They must be... cuz I've developed one! Check this little sucker out --- link to my google gadget!
Background - My sailing club has an anemometer set out on a platform about a mile offshore. Wind speed and direction data is transferred by radio back to the offices of a local firm (who provided the anenometer) which then uploads the data to their site. This data is used by them on their website. The only problem is that their site relies on an Internet Explorer control not available to those of us that use Firefox (or iPhone for that matter), so I emailed asking whether I could have a go at producing something myself.
What I did was write a php script that, when called, snaffles the data from their site and pops it into a mysql database on my site. I then created a script that would (via an HTACCESS directive) intercept a request for a graphic, and then send back the appropriate image. So if you request http://dev.bathwick.com/wind/grapics_service/Highcliffe_basic_windvane.png your browser thinks it's picking a standard png file off the web-server, but infact - a php script is running which either returns a cached copy of the graphic or, if the cached image is stale, regenerates the image, caches it and sends it back to the client.
I use this technique because some browers are sniffy about retrieving images where the url doesn't look like a standard graphic (eg http://dev.bathwick.com/wind/grapics_service/image.php?name=Highcliffe_Basic will break in some cases ).
And hey presto.
I began with this excellent tutorial - http://www.seoish.com/how-to-make-google-gadgets/
Then I used google's own docs to figure out what info I needed to include in order to make the gadget "publishable" - Here - http://code.google.com/apis/gadgets/docs/basic.html
In the meantime let me know if you'd like more info.
I've just completed what is essentially a 0.8 version of an iPhone web-app that allows Bathwick analysts to view their tweets, and post tweets to both twitter and the bathwick website. It's still basic, but I am absurdly pleased with the result! It was my first attempt to create an iPhone web-app, and I have to say both Safari and the twitter API's are extremely easy to use. Trust me - If I was able to get a working prototype together in three hours, then you can rest assured this stuff is simple!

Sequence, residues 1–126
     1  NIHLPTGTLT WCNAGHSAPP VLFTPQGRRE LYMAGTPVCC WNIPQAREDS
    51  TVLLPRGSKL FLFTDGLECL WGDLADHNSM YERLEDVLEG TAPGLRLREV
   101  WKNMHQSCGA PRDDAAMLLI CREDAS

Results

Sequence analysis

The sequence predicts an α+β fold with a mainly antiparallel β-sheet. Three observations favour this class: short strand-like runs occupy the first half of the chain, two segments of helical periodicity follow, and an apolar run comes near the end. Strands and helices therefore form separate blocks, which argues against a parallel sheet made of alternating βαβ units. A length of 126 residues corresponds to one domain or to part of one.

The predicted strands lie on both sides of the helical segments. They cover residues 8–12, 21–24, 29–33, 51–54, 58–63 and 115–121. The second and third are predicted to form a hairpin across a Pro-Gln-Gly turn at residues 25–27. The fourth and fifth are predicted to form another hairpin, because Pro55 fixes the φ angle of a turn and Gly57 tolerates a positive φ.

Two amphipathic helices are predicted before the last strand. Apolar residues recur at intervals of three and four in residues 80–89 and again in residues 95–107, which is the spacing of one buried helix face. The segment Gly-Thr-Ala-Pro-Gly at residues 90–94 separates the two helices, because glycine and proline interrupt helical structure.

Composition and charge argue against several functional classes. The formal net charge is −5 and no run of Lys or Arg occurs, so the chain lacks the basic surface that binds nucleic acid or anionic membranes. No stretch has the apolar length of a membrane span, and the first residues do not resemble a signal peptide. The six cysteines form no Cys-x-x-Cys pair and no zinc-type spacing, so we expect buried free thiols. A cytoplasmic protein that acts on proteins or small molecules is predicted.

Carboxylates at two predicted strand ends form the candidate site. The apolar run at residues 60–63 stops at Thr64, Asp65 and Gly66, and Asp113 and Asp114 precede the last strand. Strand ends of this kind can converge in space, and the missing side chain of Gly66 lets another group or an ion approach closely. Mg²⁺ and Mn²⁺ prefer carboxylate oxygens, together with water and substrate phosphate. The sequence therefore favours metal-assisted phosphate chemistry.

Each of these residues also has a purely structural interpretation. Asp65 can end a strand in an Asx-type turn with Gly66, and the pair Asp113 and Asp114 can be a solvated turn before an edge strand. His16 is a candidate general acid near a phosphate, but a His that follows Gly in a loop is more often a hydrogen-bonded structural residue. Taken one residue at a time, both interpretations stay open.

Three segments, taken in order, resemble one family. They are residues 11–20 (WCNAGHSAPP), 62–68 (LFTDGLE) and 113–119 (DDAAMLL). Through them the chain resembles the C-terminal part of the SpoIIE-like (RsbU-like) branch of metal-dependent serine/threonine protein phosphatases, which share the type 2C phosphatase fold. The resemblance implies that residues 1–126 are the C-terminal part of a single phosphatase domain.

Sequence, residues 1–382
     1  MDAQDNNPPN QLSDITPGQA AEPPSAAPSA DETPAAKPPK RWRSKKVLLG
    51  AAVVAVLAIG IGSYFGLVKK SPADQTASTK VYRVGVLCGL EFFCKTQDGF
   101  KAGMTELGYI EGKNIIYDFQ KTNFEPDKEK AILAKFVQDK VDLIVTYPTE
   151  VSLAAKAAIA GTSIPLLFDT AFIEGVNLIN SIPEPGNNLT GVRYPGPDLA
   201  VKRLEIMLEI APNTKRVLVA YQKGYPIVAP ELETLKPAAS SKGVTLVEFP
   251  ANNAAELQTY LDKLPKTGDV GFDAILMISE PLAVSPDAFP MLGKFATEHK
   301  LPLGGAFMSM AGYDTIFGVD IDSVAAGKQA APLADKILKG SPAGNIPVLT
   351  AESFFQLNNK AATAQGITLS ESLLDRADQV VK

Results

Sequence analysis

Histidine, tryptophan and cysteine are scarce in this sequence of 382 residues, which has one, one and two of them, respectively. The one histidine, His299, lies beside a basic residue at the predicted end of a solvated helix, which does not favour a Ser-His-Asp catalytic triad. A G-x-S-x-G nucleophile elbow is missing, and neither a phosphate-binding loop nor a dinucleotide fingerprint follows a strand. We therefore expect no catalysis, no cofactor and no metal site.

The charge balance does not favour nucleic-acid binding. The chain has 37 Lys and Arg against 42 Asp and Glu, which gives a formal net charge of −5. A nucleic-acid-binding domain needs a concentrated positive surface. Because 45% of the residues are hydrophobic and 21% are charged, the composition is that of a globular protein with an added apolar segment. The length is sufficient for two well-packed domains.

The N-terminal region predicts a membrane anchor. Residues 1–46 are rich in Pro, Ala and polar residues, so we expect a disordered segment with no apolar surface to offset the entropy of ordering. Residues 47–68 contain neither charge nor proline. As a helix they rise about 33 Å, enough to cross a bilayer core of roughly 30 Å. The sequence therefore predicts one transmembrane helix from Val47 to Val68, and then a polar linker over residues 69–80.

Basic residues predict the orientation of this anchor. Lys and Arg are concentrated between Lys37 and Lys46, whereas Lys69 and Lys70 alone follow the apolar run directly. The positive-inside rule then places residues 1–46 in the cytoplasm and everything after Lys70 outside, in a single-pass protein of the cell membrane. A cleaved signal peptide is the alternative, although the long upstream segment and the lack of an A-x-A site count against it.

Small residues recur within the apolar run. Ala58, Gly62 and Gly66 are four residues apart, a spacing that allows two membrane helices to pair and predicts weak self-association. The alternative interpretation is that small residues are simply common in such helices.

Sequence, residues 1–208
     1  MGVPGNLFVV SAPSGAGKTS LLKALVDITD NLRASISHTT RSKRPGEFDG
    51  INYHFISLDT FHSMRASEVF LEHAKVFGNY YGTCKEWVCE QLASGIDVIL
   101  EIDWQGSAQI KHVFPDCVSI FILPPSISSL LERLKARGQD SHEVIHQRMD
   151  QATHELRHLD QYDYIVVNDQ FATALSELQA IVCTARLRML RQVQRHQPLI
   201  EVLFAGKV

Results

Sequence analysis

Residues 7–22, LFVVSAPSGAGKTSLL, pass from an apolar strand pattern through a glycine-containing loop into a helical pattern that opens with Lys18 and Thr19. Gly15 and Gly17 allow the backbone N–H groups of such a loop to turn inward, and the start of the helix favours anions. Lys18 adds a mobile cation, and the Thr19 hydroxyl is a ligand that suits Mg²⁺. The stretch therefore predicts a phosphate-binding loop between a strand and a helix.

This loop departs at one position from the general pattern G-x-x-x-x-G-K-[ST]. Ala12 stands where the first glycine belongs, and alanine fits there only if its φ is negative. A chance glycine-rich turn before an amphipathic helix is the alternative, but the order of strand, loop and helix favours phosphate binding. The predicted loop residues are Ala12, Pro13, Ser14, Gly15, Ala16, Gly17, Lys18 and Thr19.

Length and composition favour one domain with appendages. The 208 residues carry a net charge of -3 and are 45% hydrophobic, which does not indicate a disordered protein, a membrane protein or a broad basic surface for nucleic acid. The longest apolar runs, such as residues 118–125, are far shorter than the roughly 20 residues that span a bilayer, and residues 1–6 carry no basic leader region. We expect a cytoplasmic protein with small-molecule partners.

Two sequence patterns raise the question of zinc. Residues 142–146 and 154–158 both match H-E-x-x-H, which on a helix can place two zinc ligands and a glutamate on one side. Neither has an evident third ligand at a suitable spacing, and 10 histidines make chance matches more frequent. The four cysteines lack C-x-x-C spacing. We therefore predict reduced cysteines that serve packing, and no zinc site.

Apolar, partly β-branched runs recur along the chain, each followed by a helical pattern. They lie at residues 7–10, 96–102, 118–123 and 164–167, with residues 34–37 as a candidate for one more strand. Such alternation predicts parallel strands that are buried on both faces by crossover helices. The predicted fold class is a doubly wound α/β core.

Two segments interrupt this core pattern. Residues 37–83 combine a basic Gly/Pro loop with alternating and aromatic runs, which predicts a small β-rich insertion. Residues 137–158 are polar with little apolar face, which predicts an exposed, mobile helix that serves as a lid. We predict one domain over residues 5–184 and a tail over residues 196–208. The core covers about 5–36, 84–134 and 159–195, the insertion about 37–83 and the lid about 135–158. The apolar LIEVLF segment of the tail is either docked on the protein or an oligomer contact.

I think I might write up a basic "introduction" or tutorial - If only to show developers how easy and quick web development can be.
The only other thing worth mentioning is that .... we all spend lots of time talking about web services / REST (well I do!) etc etc... but the real buzz for me comes from using them... It took an open sourve library and a couple of lines of code and suddenly my app is using all of the infrastructure that twitter provides... that is cool.
At the moment, the app is web-based, but I'm planning to AJAXify it as well - at which point I'll happily share the source with the community.
In the meantime, if you have an iPhone and fancy a "play" drop me a line and I'll happily share the source with you.
I've just spent time with a client who, having had some initial success with SOA, seemed to hit a brick wall. and (as is increasingly often the case) it came down to a failure to scale up the processes and governance that should surround SOA... here are the notes I made while talking to the client -
NOTE : If anyone would like me to expand on this, drop me a line and I'll finish baking these thoughts for ya.
Governance and SOA
SOA comes with a host of “promises” all of which centre on the key idea of “re-use”. Re-use has been the holy grail of software engineers for decades, and SOA represents the latest, and best means to achieve re-use. The benefits of re-use are clear;
These are all good things, but there’s a but: At Bathwick we spend a lot of time reminding our clients that there’s an “A” for Architecture in SOA, and we also talk about the hidden “M” for Method. Architecture isn’t just a collection of cool diagrams – it’s a set of rules, guidelines, and best practice – Think about bricks-and-mortar architecture for a second – Architects have to produce plans for the people that are going to use the space, the people that are going to build the space, the people who want to check that building regulations have been followed etc etc – The building regulations determine how the structure is to be designed (ideally so it doesn’t fall over). Software architecture is the same. The M for method is also key, and it’s a shame that it isn’t talked about more – In our view the M encompasses best-practice, engineering discipline and policy. “Policy” is all about defining a set of standard behaviours – but it’s only “aspiration” if there isn’t some form of governance framework wrapped around it.